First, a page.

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May 4, 2008 -- A handful of St. Thomians added new tools to their conflict resolution tool kits Sunday in an Alternative to Violence Project workshop at the Lutheran Church of the Reformation.
Five community members attended this weekend's workshop. This is the second time the AVP workshop has been held on St. Thomas.
Several of the attendees had heard about the workshop through their affiliation with the Rotary Club.
The workshop, born out of a 35-year collaboration between prison inmates and Quakers, is a series of activities and exercises designed to teach the fundamentals of affirmation, developing community, improving communication, cooperation, trust building and conflict resolution.
The residents attending the seminar over the weekend were not those perpetrating violence. Keys said that typically, the program reaches violent offenders after they are incarcerated.
Attendees came for a variety of reasons.
The Rev. Thembalethu G. Mkhabela, called Pastor Themba, is pastor of the church. Themba explained that in subtle ways we all contribute to peace and harmony in our relationships in families.
Themba hoped that those who attended might become trainers who could in turn teach young people in the community.
"That way when children go out into the world, hopefully they will know how to react to conflict," said Pastor Themba.
"We prepare our children for everything else, but this is one area we just have not dealt with: crime, violence and conflict. It seems to be becoming a bigger problem in the Virgin Islands and we need to prepare our children so that they do not also become violent," Themba said.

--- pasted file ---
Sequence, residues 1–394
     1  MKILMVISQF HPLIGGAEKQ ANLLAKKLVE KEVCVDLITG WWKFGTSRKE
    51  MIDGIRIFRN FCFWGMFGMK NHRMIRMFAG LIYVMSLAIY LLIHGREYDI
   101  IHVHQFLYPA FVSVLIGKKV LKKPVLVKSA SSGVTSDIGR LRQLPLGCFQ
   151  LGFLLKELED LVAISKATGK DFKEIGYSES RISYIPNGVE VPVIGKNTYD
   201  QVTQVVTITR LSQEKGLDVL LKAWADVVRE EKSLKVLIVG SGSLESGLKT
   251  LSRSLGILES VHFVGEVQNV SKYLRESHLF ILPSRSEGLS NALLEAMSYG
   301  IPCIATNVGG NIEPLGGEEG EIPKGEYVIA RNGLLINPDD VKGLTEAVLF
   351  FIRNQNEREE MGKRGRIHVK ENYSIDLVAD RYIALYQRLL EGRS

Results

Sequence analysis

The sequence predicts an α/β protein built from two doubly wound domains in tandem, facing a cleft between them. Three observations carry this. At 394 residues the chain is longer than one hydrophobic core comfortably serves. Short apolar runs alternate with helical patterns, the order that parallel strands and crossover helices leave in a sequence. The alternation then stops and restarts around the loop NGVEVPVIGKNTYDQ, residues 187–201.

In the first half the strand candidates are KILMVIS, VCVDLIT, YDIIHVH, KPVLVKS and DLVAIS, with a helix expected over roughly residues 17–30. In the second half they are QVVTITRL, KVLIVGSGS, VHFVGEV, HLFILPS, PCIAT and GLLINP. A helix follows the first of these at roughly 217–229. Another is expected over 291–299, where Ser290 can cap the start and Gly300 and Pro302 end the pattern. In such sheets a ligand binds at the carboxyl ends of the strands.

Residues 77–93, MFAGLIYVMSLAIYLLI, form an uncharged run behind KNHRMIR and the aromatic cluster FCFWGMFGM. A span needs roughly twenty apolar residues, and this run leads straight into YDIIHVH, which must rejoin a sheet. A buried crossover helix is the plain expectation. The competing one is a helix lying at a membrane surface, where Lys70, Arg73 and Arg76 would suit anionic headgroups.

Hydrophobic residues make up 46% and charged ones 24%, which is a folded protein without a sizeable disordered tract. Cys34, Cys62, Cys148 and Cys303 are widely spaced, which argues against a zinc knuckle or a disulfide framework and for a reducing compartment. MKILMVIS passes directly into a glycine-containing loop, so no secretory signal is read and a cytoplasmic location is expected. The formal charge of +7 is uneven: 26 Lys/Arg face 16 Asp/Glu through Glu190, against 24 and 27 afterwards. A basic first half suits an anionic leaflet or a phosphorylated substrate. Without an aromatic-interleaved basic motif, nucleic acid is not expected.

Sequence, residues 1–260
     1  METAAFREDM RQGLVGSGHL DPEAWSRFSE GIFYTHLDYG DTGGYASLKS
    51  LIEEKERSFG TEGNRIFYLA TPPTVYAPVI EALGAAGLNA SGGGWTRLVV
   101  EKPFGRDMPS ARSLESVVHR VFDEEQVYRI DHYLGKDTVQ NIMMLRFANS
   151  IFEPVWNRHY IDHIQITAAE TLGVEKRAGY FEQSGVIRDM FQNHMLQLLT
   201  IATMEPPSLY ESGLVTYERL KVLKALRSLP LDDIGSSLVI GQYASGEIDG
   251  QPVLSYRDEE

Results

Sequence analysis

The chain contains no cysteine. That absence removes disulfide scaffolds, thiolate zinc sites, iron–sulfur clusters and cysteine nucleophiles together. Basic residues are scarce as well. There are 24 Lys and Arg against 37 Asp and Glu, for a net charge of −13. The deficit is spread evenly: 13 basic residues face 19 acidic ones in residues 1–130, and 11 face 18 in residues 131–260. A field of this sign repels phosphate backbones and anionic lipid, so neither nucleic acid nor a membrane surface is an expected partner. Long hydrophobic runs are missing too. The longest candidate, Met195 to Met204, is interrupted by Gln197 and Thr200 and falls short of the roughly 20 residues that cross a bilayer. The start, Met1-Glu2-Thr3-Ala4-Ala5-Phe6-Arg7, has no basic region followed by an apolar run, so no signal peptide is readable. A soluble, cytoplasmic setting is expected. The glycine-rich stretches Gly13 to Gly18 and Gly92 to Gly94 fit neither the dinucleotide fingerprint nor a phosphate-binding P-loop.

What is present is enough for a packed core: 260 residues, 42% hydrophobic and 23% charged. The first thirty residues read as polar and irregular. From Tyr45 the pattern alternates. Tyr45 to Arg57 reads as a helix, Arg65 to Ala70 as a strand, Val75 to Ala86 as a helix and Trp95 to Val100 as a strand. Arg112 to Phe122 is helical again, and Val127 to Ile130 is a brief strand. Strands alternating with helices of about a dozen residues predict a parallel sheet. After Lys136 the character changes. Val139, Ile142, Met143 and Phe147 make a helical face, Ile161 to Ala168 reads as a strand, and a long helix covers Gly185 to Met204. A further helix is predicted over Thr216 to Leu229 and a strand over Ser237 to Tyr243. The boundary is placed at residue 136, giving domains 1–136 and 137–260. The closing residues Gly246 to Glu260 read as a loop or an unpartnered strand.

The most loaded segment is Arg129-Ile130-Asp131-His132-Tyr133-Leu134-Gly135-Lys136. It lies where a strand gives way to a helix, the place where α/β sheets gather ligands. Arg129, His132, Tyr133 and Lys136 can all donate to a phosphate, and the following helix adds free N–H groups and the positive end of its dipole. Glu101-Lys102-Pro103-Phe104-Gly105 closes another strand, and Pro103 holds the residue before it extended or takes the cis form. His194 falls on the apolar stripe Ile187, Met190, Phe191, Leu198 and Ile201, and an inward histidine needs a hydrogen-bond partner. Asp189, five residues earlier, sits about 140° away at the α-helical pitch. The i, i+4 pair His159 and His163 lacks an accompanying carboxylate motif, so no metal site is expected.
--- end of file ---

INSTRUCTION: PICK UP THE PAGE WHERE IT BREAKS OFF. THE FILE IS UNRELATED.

"We came because we are interested in learning about this kind of dialog. In our retirement we might be able to help teach young people some of these skills," said Barbara Archibald. She attended with her husband, Tom Archibald, who learned of the program through Rotary.
She said that she found the workshop useful for anger management and learned a few more techniques for her personal life.
Workshop participants learned how to communicate in ways that do not bring out defensive behavior in the people with whom they are talking.
That is not about being passive or wimpy, according to Carolyn Keys. Keys, one of the workshop co-facilitators, taught the participants how to employ "I" messages and body language to get their point across, rather than using accusatory phrases that elicit undesirable responses.
"Stand firmly, not threateningly," Keys instructed the participants as she demonstrated the correct stance.
"Nonviolence is about taking a position and standing firm -- not about being passive. You need to have a good, strong solid stance," Keys said. She explained that the stance should convey the feeling that one has come to a decision that what we are doing is right.
Keys also explained that some body language might work in some cultures, might not work in others.
"Some cultures are taught not to look a superior in the eye. So be sensitive to this." Keys cautioned.
Keys stressed the importance of seeing the good in the person on the other side of the conflict, and to be speaking to that part of the person when you were discussing your conflict.
St. Thomas' first AVP workshop, held earlier this year for fifth and sixth graders at the Jane E. Tuitt Elementary School, had measurable results, according to school principal Lisa Forde. She noted fewer disciplinary actions and greater tolerance for each others' moods among the students.
Three more AVP workshops are scheduled for St. Thomas. Another basic AVP workshop will be held on June 27-29, an advanced level workshop is scheduled for July 11-13 and workshop facilitators training will be held July 25-27. For more information please contact Nycole Thompson at (340) 277-7037 or Judy Gumbs at (340) 690-0695.
Back Talk


Share your reaction to this news with other Source readers. Please include headline, your name and city and state/country or island where you reside.